They’ll Never Be the Same

There is a new book about children and Posttraumatic Stress Disorder (PTSD), specifically written for parents. The author, the psychiatrist Michael Scheeringa, has an incredible amount of experience in treatment and research with children and young people in the USA.

I got to read a copy of “They’ll Never Be the Same: A Parent’s Guide to PTSD in Youth” provided by the publisher.

While it may not be what one would call a ‘modest’ book, it’s certainly informative. Scheeringa gives parents a helpful overview of what is known about traumatic stress among children in America, how to go about finding and choosing a therapist and what to expect from therapy. Many parents reading it will feel that Scheeringa is on their side. For clinicians and researchers it may be different, but then again they are not the intended audience.

Scheeringa shares multiple interesting insights. One that struck me was about barriers to mental health care. Only a small percentage of children who experience traumatic stress start and complete mental health treatment. What are the barriers for them and their parents? Several factors may be at play:

  • Stigma – seeking treatment is like admitting failure
  • Stoicism / Altruism – thinking that other people are more deserving of limited treatment resources
  • Privacy – talking about trauma seems more painful than having PTSD symptoms
  • Marshmallow children – adults expecting they will bounce back naturally without treatment
  • No clear ‘front door’ to care – it’s hard to find treatment even if you want to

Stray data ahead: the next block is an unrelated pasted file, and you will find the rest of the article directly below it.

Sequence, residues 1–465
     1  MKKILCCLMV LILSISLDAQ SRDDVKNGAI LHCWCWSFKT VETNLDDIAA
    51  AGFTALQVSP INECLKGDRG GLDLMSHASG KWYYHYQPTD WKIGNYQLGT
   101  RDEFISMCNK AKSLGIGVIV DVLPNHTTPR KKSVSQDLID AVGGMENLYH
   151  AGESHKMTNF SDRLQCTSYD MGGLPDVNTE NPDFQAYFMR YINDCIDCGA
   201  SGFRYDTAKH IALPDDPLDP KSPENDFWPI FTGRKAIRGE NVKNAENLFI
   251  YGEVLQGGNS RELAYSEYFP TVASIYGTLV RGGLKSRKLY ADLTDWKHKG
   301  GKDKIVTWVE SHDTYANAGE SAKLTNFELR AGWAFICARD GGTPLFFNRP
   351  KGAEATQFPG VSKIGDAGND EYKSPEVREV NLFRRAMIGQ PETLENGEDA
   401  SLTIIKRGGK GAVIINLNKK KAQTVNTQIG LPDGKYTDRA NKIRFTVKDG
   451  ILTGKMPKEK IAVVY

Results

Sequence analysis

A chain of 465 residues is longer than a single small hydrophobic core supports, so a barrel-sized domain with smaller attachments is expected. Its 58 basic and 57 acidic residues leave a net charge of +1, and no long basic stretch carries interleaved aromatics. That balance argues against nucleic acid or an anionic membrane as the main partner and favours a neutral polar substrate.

The author’s view is that these factors can’t be the full explanation. He suspects people don’t want mental health care. Mental health is not a sufficiently attractive goal:

“Stigma, stoicism, privacy, marshmallow children, and problems of access with the lack of a ‘front door’ are all good guesses, but they do not quite add up in my mind. All of those guesses seem to have an underlying assumption that people want mental health. Through many of my interactions with patients and potential patients, over the years, I have wondered if that assumption is just plain wrong. What if people are not that interested in mental health?”

“If people truly are not too interested in better mental health, then it will never matter how much we reduce stigma or make access easier. There may be a fundamental issue that the process of asking for help is worse than the problem of living with psychiatric problems. …. (It) seems that many, if not most, trauma victims just don’t want the services bad enough to put up with our business model, or they just don’t want the services at all. Maybe we are trying to engage people the wrong way.”

Is he correct? What do you think?

Children in the ambulance: how do paramedics go about psychosocial care?

“The beer they gave Casper in the ambulance, calmed him down” she says.

The presenter is recounting the story of a boy who broke his leg in a swimming pool accident.

What? Is alcohol the latest innovation in professional care for children?

It keeps the audience in suspense for a while. Until it turns out presenter meant to say (teddy) ‘bear’, not ‘beer’. That presenter was me by the way 🙂 we had a good laugh about it.

Ambulance staff are often the first at the scene when a child is seriously injured. What do they know about children’s stress reactions? Have they had any training in psychological first aid? And how confident are they about providing it? Continue reading

Posttraumatic stress disorder a greater risk in rich countries

By New Zealand Defence Force from Wellington New ZealandOne would think that people with few friends and living in poverty are more at risk for PTSD than those with a strong support network and many resources.

And that’s true.